13 May 2022.
THE NORTHMAN *
This is the sort of film that makes one yearn for censorship, as far as both violence and art are concerned. Old Shakespeare must be twirling around in his grave, for his Hamlet seems to be the leitmotif of this dark and bloody film. Based in ancient Viking times, the film features a prince (Alexander Skarsgard) – named Amleth! – who is on a vengeful crusade to murder his uncle who killed his father and married his mother, the Queen (Nicole Kidman). Oh dear…
There is much muscle and many gloomy nights, as well as witches and unending gruesome ways to torture and kill, and it goes on for almost two and a half hours. If that’s your thing, this might be your film. There’s also some dialogue that tries to be deep and Bardish, but is so contrived and the acting so overdone that it’s cringeworthy.
Directed by Robert Eggers, who is into horror films (“The Witch”) and has become the critics’ darling since his torturous “The Lighthouse”, the film has gotten incredibly high marks in most reviews. So I am once again going against the current – because of all the tiresome hatred, violence and artistic pretension.
COMPÉTITION OFFICIELLE *** (vo Spanish)
What a pair – Penelope Cruz and Antonio Banderas – two beauties with undisputed talents. And it’s not even an Almadovar film. This Spanish tale about the making of a film and the ego-trips of the rich, and the stars of cinema, is a biting satire concerning a flavor-of-the-moment female director (Cruz) and her two actors – one, a flamboyant playboy movie star (Banderas), and the other, a supposedly intellectual theatre actor (Oscar Martinez), too sure of his genius.
Their moods, demands, jealousies and at times hysterical outbursts in a stark, modernistic setting make for a dizzying yarn about the clash of super egos. Strangely, the ending seems to hark back to a plagiarism episode in Woody Allen’s, “You Will Meet a Tall, Dark Stranger” from 2010.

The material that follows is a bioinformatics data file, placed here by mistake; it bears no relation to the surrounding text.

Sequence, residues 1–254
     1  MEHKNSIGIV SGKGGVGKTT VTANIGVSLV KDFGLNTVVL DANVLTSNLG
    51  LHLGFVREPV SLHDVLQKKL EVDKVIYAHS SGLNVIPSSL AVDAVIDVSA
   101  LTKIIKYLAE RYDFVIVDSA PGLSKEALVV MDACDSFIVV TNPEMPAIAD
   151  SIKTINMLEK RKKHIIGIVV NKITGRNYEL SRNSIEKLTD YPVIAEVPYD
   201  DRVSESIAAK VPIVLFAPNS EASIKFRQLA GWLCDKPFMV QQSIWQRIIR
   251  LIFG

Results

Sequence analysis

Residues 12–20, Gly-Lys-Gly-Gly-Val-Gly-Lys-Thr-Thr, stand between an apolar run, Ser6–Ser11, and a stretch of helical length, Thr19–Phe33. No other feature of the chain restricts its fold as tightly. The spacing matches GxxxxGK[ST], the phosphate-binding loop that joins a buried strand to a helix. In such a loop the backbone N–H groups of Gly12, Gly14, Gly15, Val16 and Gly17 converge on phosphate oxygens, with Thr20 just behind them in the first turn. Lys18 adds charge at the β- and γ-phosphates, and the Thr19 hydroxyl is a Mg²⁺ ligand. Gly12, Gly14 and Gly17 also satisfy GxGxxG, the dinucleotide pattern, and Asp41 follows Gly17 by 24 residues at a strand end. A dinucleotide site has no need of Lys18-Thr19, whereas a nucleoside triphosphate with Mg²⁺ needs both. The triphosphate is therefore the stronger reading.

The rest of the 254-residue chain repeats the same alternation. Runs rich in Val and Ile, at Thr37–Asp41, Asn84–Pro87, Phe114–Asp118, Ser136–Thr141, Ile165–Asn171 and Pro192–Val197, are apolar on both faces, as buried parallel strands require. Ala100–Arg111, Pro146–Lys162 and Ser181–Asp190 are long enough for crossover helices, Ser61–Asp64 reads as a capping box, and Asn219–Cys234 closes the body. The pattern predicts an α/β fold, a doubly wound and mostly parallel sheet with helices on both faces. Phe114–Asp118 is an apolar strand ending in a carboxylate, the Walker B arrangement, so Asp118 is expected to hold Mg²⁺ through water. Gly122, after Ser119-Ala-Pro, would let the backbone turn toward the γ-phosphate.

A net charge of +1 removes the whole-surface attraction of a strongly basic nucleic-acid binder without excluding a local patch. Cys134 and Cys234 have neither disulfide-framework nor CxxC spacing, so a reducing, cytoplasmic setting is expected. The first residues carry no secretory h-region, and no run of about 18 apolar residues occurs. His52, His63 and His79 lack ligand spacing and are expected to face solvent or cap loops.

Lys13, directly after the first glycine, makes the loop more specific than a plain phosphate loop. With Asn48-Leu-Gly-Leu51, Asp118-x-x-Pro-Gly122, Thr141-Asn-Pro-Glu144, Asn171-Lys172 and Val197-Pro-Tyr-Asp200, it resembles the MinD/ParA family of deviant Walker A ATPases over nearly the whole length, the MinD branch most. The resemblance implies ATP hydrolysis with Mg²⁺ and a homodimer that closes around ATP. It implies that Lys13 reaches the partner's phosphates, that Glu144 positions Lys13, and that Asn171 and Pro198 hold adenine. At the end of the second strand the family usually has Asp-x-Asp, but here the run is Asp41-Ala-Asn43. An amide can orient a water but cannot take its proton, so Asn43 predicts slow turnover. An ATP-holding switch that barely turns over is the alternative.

UNE HISTOIRE PROVISOIRE ***
Most of this Swiss film by Romed Wyder takes place in an Airbnb in Geneva. The grandson of the owners is using it since he has broken up with his girlfriend. He also broke his leg as he walked out on her. Feeling blue and immobilised, he wants to be left alone, but a new tenant from Iran has just moved in, a discreet young woman going through her own emotional problems. Bothered at first by this intrusion, he slowly comes to appreciate her subtlety. And then another girl moves in for a bit, a boisterous American tourist who becomes a sort of catalyst between them.
Wyder balances these provisional relationships with great delicacy and tact, opening up this minimalist story towards deeper possibilities. The acting is quiet but spot-on, especially by the Iranian actress, Pooneh Hajimohammadi. Here is a fine huis clos to make you ponder on the similarities and differences of cultures.
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Neptune Ravar Ingwersen reviews film extensively for publications in Switzerland. She views 4 to 8 films a week and her aim is to sort the wheat from the chaff for readers.